Schools won’t be forced to provide wraparound childcare themselves and can turn down “unreasonable” requests from parents under new proposals announced by Nicky Morgan this week, which won’t apply to existing free schools and academies.
The education secretary told the Conservative Party conference on Tuesday that parents would get the right to request that schools open for a full working day (from 8am to 6pm) and during school holidays if “enough parents” call for the provision.
A briefing document for MPs, seen by Schools Week, sheds more light on the policy, revealing that schools will be “expected” to allow childcare providers to use their sites outside school hours or times when the sites are used for clubs or activities.
The briefing explains that the rule will “apply to all maintained primary schools and to new academies and free schools” and is proposed to apply only up to key stage three, adding: “We need to get better value out of all school sites, and parents of both primary and secondary school pupils can benefit from breakfast, after-school and holiday care.”
Schools will be able to “fully recover” the cost of considering proposals, feeding-back and setting up and monitoring arrangements by charging providers for using their sites and will be able to reject unreasonable proposals.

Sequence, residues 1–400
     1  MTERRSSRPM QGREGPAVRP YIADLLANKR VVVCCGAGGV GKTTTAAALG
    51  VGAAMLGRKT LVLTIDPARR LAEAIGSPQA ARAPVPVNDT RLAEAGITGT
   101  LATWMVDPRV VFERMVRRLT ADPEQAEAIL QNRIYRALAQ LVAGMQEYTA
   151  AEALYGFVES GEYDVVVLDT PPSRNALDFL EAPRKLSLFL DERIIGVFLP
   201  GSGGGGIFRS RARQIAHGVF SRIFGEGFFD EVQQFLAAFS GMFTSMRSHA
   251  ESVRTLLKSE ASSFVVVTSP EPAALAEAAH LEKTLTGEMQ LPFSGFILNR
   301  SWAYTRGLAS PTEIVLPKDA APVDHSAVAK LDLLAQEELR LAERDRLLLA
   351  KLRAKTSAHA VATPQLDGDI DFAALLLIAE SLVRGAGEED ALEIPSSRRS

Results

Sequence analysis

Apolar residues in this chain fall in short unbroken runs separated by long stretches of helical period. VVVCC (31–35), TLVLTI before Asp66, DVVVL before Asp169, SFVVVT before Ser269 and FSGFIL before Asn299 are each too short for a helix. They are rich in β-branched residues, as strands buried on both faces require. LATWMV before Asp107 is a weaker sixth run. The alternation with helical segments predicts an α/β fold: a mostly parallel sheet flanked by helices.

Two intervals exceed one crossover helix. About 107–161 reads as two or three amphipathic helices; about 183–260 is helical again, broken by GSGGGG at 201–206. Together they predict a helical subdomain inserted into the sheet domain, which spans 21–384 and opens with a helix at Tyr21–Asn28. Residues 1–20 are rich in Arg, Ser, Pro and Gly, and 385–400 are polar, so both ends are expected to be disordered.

According to the document, the final decision will be left to governing bodies and academy trustees, who will be “expected to act reasonably” in making those decisions and respond to every request.
The briefing is vague about the proportion of parents a school would need to hear from in order to justify a decision, but it states that “a minimum number of children would need to be attending provision every session”.
It adds: “We will be working closely with schools and providers to ensure this is set at the right level, and to decide what that means for how many parents need to come forward in order to trigger a school needing to formally consider a request.”
According to the briefing, around two thirds of primary schools already offer access to before or after-school care, while less than a fifth of primary schools offer access during the holidays.
It goes on to say: “In relation to access to holiday care there are large regional variations (i.e. 11 per cent of schools in the North East compared to 23 per cent in London), with lower proportions in the most deprived areas.”
A consultation will be held in the autumn to identify schools and providers already working in partnership to “see how we can best implement this policy at the start of the school year in 2016”.